It has emerged that bendy, stretchy and biocompatible arrays of light-emitting diodes (LEDs) and photodetectors would soon be used to light inside the body to activate drugs or monitor medical conditions.
John Rogers at the University of Illinois and colleagues used the established semiconductor gallium arsenide (GaAs) and conventional metals for diodes and detectors.
Rogers' team has shown that by depositing coiled interconnecting metal wires onto the plastic, they can create a mesh-like array of LEDs and photodetectors that can withstand extreme mechanical deformation.
The mesh is then bonded to a pre-stretched sheet of rubber, which is encapsulated in a bio-compatible transparent piece of rubber.
The resulting circuit can be bent, twisted and stretched in any direction.
Tests have shown that the behaviour of the LEDs and photodetectors remains unchanged even after the circuit is repeatedly stretched by 75 percent.
Yet the flexibility has little to do with the devices themselves: t is mainly down to the interconnecting wires, whose coiled-up state accommodates a huge amount of expansion.
Rogers said that he and colleagues are developing medical devices for use in vivo through their start-up company mc10 in Cambridge, Massachusetts.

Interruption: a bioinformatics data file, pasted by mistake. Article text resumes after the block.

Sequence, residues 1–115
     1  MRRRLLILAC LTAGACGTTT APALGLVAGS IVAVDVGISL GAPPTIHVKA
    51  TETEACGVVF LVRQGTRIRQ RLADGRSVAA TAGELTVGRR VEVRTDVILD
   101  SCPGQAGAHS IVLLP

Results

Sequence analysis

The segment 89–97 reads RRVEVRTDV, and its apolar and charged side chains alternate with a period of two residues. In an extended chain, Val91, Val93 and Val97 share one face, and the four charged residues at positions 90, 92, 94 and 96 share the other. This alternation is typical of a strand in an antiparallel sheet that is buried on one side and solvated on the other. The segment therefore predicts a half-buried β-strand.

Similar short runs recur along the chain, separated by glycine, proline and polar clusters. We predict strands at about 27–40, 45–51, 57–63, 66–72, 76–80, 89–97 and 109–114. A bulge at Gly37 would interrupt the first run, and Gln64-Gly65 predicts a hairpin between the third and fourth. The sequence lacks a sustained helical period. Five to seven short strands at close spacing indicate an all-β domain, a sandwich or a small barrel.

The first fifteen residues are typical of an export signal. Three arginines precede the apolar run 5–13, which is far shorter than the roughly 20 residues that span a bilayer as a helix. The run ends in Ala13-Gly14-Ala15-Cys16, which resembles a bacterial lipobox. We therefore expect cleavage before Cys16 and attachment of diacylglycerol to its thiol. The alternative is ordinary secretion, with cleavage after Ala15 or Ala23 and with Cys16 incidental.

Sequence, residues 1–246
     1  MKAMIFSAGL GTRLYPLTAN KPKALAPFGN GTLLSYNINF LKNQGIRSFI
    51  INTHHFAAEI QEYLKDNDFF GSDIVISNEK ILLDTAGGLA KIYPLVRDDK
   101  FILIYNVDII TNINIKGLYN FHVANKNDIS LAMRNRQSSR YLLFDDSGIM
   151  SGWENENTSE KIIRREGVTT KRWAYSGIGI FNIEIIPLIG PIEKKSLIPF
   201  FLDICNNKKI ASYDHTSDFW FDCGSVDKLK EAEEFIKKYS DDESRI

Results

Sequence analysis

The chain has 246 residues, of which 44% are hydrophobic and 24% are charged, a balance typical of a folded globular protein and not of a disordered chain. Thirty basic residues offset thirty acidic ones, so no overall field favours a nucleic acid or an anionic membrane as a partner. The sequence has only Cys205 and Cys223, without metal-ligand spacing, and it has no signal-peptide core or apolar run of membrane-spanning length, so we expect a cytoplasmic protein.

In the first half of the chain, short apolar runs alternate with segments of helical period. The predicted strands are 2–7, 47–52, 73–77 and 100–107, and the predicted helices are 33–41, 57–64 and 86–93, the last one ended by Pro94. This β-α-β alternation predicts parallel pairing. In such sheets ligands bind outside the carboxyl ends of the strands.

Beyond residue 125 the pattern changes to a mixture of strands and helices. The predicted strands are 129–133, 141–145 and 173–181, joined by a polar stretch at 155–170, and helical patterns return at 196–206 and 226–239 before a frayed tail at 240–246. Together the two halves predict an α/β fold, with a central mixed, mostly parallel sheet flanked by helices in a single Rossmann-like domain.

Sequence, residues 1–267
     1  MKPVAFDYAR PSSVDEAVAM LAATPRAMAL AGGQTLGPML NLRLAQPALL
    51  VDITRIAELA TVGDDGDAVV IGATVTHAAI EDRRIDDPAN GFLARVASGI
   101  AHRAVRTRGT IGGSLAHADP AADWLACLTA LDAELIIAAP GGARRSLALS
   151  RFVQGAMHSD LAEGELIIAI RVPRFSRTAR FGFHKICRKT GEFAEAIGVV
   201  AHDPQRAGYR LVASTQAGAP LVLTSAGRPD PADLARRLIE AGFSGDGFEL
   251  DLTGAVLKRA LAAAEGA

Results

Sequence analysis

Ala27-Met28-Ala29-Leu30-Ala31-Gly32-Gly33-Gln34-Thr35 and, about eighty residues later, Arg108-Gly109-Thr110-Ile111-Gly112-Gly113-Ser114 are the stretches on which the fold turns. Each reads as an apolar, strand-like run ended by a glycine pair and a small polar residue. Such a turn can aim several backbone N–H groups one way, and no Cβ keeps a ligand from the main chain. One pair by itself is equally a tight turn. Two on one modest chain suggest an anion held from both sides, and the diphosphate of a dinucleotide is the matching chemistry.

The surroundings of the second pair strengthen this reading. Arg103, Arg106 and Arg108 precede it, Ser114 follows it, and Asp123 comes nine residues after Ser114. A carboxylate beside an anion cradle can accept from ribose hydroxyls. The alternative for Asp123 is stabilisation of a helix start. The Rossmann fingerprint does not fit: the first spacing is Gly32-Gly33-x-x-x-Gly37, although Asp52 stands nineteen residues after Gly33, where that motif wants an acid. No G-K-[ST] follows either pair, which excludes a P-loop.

They think that versions of their rubber circuits could be used to administer light-activated drugs, and possibly also in the nascent field of phototherapy, which attempts to hasten the healing of wounds with lasers.
Brian Derby, a materials scientist at the University of Manchester, agreed that the development is less a scientific breakthrough than a feat of engineering.
However, he has spotted a drawback: the use of interconnecting wires to take the mechanical strain keeps the device density low.
"The large spacing of the LEDs or photo-detectors will lead to a limited range of applications - no flexible displays, for example," Derby said.
The findings were reported in the Nature Materials.